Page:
In Ireland, potato home consumption and retail sales have stabilized due to colder weather, as per the Irish Farmers Association. New season Rooster potatoes are entering the market, but harvesting is tough due to late planting effects. In the UK, maincrop buyers aim to revert prices to contract levels, with more growers storing crops. France’s crop yield is predicted to be slightly below the decade’s average, with potential tight supplies in Europe due to increased demand.
Global fertilizer crisis spurs shift to sustainable farming solutions, humates getting more attention from American farmers
The global agricultural industry faces challenges from rising fertilizer prices, influenced by the Ukraine conflict, energy costs, and trade policies. A World Bank report noted a 66% increase in fertilizer prices since 2021. This crisis highlights the need for regenerative agriculture, focusing on soil health. Live Earth Products, a Utah-based company, promotes sustainable farming with products like humic and fulvic acid. Their solutions aim to reduce reliance on fertilizers, ensuring crop quality.
In 2022, Alberta’s potato industry showcased unprecedented growth, contributing $2.87 billion to Canada’s economy. Representing 150 growers, the Potato Growers of Alberta highlighted the industry’s expansion potential. With Alberta accounting for 60% of Canada’s net international seed potato exports, the region’s high-quality production and collaboration among stakeholders have positioned it as a dominant force in the potato market. The future looks promising for Alberta’s potato sector.
Precision AI, a leading agricultural startup, has introduced an AI-powered crop-spraying drone to combat the growing weed issue intensified by climate change. This innovative drone reduces chemical usage by up to 90%, offering a sustainable solution to weed management. This development signifies a major advancement in eco-friendly farming, blending technology and sustainability to address environmental concerns in agriculture.
The National Potato Council’s ‘Spud Nation Report’, published earlier this year, provides a detailed overview of the US potato industry. It highlights a rising demand for potatoes, with sales reaching $4.8 billion in 2022. The report discusses production trends, export-import dynamics, changing consumer preferences towards organic and non-GMO potatoes, sustainability efforts, technological advancements in food safety, marketing strategies, policy implications, labor challenges, and research initiatives.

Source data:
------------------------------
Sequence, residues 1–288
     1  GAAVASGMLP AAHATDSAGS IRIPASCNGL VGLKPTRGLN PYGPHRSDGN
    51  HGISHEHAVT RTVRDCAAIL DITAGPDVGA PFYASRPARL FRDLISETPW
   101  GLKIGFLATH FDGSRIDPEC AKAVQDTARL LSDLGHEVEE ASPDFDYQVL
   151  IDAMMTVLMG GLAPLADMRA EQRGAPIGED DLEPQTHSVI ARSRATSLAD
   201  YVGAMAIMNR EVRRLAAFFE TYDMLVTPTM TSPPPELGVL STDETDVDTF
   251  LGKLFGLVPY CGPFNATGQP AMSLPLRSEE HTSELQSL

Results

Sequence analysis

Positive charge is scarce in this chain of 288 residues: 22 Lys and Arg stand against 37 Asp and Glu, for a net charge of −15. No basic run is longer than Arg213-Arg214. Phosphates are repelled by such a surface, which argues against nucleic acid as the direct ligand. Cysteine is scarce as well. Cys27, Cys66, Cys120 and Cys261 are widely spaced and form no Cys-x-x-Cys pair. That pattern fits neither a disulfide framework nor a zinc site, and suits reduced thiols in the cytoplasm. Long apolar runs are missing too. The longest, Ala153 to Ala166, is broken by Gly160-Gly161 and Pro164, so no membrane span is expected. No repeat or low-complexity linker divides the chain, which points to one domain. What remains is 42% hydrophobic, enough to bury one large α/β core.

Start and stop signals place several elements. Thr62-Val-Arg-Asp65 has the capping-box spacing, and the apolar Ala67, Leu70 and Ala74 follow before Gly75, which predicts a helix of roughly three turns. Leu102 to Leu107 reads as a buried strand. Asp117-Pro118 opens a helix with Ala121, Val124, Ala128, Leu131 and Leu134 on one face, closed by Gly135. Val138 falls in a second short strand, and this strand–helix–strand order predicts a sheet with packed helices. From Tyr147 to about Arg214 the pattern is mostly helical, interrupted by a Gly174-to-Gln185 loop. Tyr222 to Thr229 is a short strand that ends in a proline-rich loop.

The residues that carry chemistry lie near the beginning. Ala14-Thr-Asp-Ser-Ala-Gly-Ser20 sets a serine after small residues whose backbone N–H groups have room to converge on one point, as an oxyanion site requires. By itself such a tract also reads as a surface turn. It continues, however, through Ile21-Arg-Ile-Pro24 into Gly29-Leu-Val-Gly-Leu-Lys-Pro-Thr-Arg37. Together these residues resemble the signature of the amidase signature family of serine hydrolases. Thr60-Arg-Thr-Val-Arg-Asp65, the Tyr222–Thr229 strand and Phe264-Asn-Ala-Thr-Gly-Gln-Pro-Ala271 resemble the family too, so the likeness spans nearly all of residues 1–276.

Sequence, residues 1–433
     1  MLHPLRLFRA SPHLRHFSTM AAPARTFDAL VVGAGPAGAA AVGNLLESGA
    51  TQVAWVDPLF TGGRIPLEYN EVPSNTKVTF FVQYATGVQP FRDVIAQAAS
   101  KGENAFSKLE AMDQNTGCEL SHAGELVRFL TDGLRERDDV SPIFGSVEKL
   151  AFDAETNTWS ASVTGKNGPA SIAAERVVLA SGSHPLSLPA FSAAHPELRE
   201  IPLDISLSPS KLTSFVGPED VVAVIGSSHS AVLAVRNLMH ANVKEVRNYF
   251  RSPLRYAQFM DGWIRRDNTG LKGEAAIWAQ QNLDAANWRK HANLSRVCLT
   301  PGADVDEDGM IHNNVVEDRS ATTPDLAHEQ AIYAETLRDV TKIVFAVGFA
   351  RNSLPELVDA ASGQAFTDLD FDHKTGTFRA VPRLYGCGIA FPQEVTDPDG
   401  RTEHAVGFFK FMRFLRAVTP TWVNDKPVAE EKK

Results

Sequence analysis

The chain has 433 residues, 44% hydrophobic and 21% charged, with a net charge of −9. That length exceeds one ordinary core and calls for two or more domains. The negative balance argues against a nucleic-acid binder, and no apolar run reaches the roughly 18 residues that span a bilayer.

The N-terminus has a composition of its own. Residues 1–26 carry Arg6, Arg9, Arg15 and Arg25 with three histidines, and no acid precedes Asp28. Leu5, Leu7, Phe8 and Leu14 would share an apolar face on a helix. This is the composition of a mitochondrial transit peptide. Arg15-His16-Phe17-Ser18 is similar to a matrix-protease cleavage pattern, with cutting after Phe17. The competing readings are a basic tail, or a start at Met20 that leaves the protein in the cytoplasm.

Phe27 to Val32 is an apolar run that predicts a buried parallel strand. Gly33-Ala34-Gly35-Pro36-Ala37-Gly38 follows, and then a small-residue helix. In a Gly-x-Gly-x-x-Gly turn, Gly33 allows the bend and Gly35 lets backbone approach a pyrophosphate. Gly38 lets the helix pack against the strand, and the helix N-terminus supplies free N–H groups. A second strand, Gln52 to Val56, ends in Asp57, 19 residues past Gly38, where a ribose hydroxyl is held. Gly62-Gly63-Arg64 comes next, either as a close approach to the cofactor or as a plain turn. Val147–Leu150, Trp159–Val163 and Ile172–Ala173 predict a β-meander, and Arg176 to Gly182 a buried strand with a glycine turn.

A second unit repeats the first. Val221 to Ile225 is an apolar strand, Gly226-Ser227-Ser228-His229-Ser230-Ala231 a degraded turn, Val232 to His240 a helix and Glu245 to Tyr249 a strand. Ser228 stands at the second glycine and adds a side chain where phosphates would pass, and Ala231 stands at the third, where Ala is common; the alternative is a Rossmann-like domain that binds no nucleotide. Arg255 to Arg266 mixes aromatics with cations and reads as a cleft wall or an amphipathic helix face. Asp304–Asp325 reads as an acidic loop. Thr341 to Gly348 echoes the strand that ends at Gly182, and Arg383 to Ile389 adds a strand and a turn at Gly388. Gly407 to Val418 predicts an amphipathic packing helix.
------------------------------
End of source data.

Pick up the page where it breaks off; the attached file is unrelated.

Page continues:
Climate change resilience and early potato dying were the main topics at the Elora Potato Research Open House held on August 23 in Canada’s Ontario province. Vanessa Currie from the University of Guelph highlighted a five-year research study, initiated this year, focusing on potato varieties that can withstand increasing climate pressures. The annual event allows growers and buyers to preview potato varieties under testing and those that might be available in the future.
At the 2023 Potato Business Summit earlier this year, Kim Breshears of Potatoes USA highlighted the enduring popularity of potatoes in America. Studies show potatoes as the top vegetable for five consecutive years. While 40% of the U.S. potato crop goes to retail and food service each, 20% is exported. Despite a brief pandemic-induced dip, food service sales are rebounding, indicating a robust future for the potato industry. The data presented by Kim Breshears underscores the unwavering popularity of potatoes in the U.S. market.
Unseasonal heatwaves in Ireland and the UK have temporarily dampened the potato market. While Ireland sees a recovery with a rising demand for Kerr Pinks, known for their excellent eating quality, yields remain inconsistent. Early crops in Ireland fare better than the later ones. The UK market faces pricing pressures due to the weather. In Europe, seed availability might influence next season’s planting. Despite current price pressures, demand from Poland, Spain, and Italy is anticipated to grow as the season advances.